At the Tianjin factory, the final-assembly line is surprisingly serene, with none of the buzz of a typical factory.
Instead, it resembles a supersized workshop, with staff toiling quietly on sections of each aircraft. One man was inspecting sections of fuselage with a torch, while there were several other workers, alone or in pairs, wearing dark blue Airbus Tianjin-branded T-shirts, blue trousers and white gloves who were fitting components and wiring.
Each plane's kitchens and bathrooms are fixed in place before the sections of fuselage, imported from Europe, are joined together to make the complete aircraft.
When they leave the hangar, only the tails are painted in the colours of the airline that will receive them.
One of those at the plant during our visit sported the red, white and blue tail livery of Sichuan Airlines, which received the first Tianjin-assembled Airbus. Another almost-completed airframe had the red and yellow colours of Jixiang, another Chinese airline. The final stop after the assembly plant is the paint shop.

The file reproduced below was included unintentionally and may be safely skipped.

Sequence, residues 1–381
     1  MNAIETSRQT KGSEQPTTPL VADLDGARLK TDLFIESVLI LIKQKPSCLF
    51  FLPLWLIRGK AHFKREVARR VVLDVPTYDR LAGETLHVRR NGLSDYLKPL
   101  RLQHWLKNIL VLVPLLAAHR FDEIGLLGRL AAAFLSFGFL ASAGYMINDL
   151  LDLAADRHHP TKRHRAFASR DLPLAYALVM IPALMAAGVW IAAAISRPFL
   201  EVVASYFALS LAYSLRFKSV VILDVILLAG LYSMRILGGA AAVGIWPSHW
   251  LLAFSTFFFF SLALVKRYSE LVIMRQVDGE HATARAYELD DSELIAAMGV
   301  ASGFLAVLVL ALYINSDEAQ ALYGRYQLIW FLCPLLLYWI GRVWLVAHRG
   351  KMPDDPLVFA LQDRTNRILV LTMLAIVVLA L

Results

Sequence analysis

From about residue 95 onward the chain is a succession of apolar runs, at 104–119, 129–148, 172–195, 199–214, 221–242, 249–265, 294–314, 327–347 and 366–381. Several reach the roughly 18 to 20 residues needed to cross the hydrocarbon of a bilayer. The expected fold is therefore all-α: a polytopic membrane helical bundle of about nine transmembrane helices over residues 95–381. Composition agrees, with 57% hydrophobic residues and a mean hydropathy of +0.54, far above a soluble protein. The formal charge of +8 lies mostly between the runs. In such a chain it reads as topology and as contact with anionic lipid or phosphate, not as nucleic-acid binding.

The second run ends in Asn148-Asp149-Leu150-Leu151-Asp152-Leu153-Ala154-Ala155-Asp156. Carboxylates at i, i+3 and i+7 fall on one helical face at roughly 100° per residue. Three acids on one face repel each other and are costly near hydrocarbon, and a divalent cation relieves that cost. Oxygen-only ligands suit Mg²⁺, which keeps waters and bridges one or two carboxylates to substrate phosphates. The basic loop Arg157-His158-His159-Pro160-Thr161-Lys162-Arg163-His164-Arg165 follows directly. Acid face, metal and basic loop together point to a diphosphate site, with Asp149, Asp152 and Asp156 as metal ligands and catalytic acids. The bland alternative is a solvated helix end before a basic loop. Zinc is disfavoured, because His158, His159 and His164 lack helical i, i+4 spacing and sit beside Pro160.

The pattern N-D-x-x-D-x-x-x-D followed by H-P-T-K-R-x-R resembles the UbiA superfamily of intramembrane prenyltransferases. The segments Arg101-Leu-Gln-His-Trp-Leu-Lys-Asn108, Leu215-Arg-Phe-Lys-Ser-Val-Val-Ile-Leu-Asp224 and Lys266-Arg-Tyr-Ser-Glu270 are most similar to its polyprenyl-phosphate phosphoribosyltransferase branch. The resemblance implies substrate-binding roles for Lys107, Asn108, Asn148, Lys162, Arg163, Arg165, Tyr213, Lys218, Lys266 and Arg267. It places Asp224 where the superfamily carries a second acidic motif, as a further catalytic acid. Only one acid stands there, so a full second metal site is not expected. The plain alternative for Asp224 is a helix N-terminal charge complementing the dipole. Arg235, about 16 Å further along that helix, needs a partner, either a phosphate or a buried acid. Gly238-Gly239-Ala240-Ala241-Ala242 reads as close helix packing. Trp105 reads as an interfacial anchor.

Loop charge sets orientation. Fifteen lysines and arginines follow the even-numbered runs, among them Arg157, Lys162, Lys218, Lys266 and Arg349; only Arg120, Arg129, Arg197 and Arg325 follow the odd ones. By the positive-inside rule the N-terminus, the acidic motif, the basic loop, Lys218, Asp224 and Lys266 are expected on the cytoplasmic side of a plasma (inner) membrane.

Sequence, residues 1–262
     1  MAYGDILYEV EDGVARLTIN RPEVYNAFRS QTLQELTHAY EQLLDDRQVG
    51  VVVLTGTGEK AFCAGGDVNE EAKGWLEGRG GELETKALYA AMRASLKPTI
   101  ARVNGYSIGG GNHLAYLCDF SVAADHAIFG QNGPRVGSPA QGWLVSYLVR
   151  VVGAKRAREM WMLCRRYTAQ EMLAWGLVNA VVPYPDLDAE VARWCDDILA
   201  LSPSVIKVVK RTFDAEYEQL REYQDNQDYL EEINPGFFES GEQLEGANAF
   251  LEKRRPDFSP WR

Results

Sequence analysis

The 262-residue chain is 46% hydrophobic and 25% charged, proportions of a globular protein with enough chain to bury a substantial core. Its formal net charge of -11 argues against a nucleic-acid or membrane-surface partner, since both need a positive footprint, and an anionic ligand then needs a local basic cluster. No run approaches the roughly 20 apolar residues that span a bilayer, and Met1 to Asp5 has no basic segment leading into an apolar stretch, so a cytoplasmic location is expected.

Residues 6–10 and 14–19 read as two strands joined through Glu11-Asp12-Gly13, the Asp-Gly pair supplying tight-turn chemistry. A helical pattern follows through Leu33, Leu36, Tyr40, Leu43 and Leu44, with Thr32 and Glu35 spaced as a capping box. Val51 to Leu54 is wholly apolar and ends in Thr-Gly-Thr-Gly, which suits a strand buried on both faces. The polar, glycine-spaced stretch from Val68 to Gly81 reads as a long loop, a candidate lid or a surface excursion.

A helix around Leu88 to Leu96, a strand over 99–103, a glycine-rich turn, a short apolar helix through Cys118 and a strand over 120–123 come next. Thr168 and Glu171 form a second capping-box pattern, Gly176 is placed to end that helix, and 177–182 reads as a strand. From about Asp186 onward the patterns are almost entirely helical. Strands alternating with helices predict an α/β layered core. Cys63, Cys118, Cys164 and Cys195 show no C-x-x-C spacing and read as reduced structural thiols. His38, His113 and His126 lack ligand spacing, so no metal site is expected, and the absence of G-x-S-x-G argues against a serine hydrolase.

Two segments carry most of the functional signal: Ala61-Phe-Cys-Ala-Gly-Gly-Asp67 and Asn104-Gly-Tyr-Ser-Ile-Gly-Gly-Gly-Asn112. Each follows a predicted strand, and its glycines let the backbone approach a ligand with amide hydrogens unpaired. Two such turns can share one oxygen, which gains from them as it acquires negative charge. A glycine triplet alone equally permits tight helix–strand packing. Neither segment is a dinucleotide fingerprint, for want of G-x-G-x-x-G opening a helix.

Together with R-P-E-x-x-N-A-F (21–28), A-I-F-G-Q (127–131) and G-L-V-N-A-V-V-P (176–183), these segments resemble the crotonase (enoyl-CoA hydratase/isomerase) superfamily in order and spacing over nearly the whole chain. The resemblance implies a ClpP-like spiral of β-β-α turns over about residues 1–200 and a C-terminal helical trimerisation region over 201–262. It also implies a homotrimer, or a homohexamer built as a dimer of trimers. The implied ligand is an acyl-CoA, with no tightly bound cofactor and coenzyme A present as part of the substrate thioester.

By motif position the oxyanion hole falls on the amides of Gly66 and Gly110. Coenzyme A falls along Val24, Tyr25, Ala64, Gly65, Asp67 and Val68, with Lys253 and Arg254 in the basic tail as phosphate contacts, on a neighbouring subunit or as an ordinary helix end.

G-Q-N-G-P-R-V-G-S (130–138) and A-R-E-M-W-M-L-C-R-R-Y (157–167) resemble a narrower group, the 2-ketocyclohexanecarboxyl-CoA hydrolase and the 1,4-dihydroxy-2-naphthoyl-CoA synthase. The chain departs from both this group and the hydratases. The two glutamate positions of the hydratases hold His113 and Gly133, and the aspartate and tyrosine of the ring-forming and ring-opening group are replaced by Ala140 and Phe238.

So far, Tianjin has provided aircraft to 11 airlines, all from China as the agreement between Airbus and its Chinese partners states planes made there go only to the domestic market.
However, later this year Air Asia, a Malaysian carrier, will take delivery of a Tianjin-made model. This aircraft will be owned by a leasing arm of the Industrial and Commercial Bank of China, which signed an order last month to buy 50 A320-family aircraft in a deal valued at $3.5bn.
Airbus announced in July it would set up another overseas assembly plant, this one in Mobile, Alabama, in America, suggesting the Chinese project, targeted at helping to grow market share outside Europe, is a successful model.
Such are the benefits to the local economy of having an aircraft assembly plant that Alabama provided Airbus with incentives valued at $158m.
Given the hundreds of billions of dollars in play, the desire within Airbus to localise its production could increase and nowhere more than China.
"[It is] a very significant market for us," the Airbus's president in China, Laurence Barron, said recently.